In this particular case, I am talking about an extremely flexible human. In my story, this human catches another's head with his legs and manages to snap his neck. I know a human can't simply snap another's neck (They don't have enough strength), but could it be done if the attacker were able to pinch their opponent's neck (to weaken it), and then twist and snap it?

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    $\begingroup$ "I know a human can't simply snap another's neck" *Citation Needed $\endgroup$ – NPSF3000 May 19 '16 at 2:57
  • $\begingroup$ Falling out of a tall building onto their head should do it $\endgroup$ – Separatrix May 19 '16 at 7:05
  • $\begingroup$ I really don't see how this relates to the scientific field of physics, so I removed that tag. $\endgroup$ – a CVn May 19 '16 at 11:33
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    $\begingroup$ You could run an electric current through their body or neck somehow (a powerful charge lance or stun baton? Maybe a thrown device that attaches to the skin, if only briefly?) and then hit it with a mace or warhammer (or a club). While it is rigid it is easier to break. $\endgroup$ – TylerH May 20 '16 at 14:42

It is possible in theory, but not the way it is shown in the movies. First of all, the human neck is both strong and flexible, and unless the person is taken unaware (like in a car accident), will automatically tense up in response to pressure, making it even stronger. Second, even if you could muster enough strength to break a neck, unless the rest of the body was restrained you would just end up twisting their entire body around.

The only way to pull off a neck snap realistically is by getting the victim in a full-body grapple, then stretching and twisting the neck until it breaks. You'd need to be very strong to do it though; flexibility alone isn't going to cut it.

It may, however, be possible to break someone's neck with an impact instead of a twist. A strong punch or kick may generate enough force, but only if the body was restrained somehow, so not really practical in a fight. It may be possible to get them in a hold and then throw yourself and them onto the floor with enough force to twist their neck to the breaking point, but this would involve more luck than anything. This may be the best option to use in a story though - make it basically a lucky fluke.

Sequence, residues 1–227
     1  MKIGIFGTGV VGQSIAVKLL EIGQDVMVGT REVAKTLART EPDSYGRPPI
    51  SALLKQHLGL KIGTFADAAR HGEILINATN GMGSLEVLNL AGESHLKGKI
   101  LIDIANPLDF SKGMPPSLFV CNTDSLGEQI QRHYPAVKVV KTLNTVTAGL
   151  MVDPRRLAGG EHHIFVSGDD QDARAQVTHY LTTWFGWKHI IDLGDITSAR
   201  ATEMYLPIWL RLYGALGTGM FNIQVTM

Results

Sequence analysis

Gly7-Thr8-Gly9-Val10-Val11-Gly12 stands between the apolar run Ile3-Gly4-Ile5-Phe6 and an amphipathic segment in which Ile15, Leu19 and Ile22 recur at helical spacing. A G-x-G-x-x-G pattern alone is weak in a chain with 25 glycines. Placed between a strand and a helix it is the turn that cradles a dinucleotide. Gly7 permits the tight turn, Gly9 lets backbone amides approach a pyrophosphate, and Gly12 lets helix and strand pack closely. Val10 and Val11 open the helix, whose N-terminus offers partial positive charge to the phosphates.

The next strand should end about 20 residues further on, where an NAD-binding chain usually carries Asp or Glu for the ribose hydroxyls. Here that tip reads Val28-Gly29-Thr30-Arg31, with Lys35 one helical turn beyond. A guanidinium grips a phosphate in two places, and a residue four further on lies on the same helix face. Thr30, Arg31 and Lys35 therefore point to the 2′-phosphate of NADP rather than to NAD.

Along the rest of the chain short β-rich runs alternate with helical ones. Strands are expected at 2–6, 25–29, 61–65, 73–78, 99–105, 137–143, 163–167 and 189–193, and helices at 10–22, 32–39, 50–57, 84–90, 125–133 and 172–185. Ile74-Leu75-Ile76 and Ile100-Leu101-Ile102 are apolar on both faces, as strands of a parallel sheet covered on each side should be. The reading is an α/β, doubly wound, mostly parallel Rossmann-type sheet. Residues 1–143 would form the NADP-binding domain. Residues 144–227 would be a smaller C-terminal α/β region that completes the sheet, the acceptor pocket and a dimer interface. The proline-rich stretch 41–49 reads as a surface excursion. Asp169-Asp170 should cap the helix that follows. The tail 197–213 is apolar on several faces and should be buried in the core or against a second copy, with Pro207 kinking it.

It won't be an instant-kill in any event; even if you fully paralyze the person from the neck down they'll still be alive until they suffocate. More likely than not they won't be fully paralyzed and you'll instead be left with a paraplegic who is perfectly capable of talking (or screaming). Think about the possible results of car accident neck injuries.

All in all, it's not a very effective killing maneuver.

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    $\begingroup$ The idea of the paralyzed victim of a car accident screaming for help on her seat while not being able to move anymore gave me chills. +1 $\endgroup$ – Nico May 19 '16 at 7:46

I decided to do a little research into neck injuries in sports (especially contact sports) to get an idea of the ways in which people can (accidentally in these cases, we hope) break each other's necks. It looks like one common way is via whiplash, rather than twisting of the neck – in this video (warning, a wrestler dies) you can see that it's either the blow to the neck or the whiplash caused by the force of the blow which caused a broken neck in this case. As IndigoPhoenix wrote, if the person's body is immobilised, then their neck is much more likely to be broken – e.g. if a person is on the ground and someone steps/falls on their neck, as experienced by this person during a game of rugby.